Fourth Sunday of Easter (Year B)

When it comes to modern preachers, “boldness” may not inherently be a virtue.

Good Shepherd
"Good Shepherd" 5th-century mosaic from the tomb of Galla Placidia in Ravenna. Image by Lawrence OP via Flickr; licensed under CC BY-NC-ND 2.0.

April 26, 2015

First Reading
View Bible Text

Commentary on Acts 4:5-12

When it comes to modern preachers, “boldness” may not inherently be a virtue.

While no one wants a milktoast speaker, many of us associate “boldness” with religious voices too arrogant and unsophisticated for our liking. However, today’s first lesson features a “boldness” characterized not by volume but by the Spirit, which manifests itself at just the time of need. Perhaps this “boldness” is more needed today than we typically realize.

I. The literary context: “Ya got trouble”

Our first lesson takes place in the larger context of Acts 3:1-4:31, the first instance of conflict between Jesus’ witnesses and local authorities. The precipitating causes are a lame man’s healing (3:1-10) and Peter’s public proclamation (3:11-26). Positive reception for his message riles the temple authorities, prompting them to arrest Peter and John for investigation (4:1-4). Today’s reading features the apostles’ response at that investigation.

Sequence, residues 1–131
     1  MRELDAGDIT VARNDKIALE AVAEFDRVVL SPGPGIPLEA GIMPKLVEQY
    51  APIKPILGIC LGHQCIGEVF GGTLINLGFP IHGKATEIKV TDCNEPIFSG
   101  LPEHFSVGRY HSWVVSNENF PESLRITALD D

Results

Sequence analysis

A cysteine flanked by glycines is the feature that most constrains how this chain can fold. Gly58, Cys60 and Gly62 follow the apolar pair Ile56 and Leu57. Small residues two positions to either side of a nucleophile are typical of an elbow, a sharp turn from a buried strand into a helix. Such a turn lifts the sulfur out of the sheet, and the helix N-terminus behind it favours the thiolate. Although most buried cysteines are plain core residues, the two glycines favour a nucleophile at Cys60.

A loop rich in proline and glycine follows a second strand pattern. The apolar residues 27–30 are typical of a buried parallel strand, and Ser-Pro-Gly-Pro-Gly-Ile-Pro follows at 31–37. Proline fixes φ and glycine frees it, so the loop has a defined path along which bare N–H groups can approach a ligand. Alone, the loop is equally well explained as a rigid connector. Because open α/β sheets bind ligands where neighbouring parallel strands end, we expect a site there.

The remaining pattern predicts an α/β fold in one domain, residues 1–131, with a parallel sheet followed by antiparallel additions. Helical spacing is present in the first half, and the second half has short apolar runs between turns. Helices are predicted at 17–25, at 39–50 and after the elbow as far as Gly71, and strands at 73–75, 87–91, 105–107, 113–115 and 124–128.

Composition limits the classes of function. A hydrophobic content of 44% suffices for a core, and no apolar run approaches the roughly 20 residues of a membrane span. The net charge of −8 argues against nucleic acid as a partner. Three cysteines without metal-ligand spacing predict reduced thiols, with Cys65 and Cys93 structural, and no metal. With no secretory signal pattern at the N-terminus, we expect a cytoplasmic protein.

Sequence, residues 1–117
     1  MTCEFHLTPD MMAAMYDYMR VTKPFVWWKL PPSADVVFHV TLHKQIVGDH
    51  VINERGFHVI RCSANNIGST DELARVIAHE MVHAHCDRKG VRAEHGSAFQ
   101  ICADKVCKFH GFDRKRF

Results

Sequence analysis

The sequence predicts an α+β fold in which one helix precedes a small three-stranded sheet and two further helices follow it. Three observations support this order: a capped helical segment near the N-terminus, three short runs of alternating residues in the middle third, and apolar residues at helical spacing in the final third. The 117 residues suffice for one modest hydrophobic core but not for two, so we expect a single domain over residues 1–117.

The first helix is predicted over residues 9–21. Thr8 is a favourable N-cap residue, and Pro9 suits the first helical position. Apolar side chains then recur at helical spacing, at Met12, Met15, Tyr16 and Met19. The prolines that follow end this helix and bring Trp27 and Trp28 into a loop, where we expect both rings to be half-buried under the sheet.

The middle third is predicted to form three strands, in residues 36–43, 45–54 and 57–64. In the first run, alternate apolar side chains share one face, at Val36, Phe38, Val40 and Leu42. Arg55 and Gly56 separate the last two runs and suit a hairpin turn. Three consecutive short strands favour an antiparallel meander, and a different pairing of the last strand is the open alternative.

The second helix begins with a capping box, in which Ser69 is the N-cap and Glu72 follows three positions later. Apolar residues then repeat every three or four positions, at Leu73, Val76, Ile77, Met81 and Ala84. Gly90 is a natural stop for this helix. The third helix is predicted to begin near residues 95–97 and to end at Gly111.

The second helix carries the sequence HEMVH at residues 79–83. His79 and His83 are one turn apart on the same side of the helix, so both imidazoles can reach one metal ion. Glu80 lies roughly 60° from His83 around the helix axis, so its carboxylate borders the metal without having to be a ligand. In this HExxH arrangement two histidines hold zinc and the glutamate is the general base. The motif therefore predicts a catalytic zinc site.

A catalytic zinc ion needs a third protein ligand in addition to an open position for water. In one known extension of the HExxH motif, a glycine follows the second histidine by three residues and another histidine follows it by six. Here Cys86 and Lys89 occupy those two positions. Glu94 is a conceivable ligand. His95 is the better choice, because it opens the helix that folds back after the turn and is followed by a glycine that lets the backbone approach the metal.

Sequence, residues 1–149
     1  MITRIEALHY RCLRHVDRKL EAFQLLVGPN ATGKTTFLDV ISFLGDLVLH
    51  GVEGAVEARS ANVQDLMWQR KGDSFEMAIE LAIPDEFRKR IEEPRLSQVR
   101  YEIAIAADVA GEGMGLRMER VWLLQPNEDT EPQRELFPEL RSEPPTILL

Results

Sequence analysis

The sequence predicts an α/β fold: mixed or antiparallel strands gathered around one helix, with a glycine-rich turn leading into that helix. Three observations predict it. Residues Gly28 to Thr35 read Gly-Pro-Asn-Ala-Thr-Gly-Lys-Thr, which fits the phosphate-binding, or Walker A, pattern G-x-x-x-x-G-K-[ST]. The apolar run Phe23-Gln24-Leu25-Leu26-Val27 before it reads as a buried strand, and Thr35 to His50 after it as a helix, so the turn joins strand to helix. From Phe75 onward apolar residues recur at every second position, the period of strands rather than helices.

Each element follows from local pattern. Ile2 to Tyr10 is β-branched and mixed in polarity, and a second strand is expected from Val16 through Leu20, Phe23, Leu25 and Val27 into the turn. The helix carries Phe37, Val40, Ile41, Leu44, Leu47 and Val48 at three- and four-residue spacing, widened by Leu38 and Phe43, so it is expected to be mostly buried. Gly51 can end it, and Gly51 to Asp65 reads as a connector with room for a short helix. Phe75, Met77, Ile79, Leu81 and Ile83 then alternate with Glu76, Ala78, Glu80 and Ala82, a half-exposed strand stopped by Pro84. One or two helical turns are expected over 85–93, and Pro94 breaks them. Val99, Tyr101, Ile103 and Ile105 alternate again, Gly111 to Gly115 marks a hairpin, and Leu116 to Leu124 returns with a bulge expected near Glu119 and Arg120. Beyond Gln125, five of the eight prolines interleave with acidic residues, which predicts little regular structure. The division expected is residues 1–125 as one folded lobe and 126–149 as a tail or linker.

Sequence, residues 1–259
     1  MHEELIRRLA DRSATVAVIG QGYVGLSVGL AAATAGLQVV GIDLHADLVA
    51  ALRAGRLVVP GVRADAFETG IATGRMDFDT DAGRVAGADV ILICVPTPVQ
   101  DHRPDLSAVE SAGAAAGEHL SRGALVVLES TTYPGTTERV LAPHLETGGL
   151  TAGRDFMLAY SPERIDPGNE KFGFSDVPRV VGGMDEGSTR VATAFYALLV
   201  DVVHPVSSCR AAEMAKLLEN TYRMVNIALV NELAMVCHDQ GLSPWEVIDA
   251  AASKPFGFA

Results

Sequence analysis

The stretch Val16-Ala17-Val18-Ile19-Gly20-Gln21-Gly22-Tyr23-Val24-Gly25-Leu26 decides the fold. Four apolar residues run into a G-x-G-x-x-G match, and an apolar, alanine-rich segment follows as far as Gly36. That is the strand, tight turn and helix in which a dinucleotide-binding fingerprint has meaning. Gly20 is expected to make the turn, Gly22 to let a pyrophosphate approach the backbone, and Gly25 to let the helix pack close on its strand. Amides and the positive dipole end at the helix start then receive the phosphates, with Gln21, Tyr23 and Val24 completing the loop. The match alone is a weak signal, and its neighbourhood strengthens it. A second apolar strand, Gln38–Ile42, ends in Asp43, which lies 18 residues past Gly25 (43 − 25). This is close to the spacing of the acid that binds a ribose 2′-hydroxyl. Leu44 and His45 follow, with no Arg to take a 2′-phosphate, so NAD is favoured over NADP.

II. The text at hand: A new kind of boldness

The authorities gathered for the investigation are no team of scrubs:

“Their rulers, elders, and scribes assembled in Jerusalem, with Annas the high priest, Caiaphas, John, and Alexander, and all who were of the high-priestly family” (Acts 4:5-6).

Annas was high priest in 6-15 c.e., and his son-in-law Caiaphas is high priest at this time (18-36 c.e.; John 11:49; 18:13).1 In short, Acts 4:5-6 sets the scene for a serious examination by Jerusalem’s foremost leaders.2

The leaders ask directly: “by what power or by what name did you do this?” (4:7) The entire incident recalls earlier words of Jesus:

“When they bring you before the synagogues, the rulers, and the authorities, do not worry about how you are to defend yourselves or what you are to say; for the Holy Spirit will teach you at that very hour what you ought to say” (Luke 12:11-12).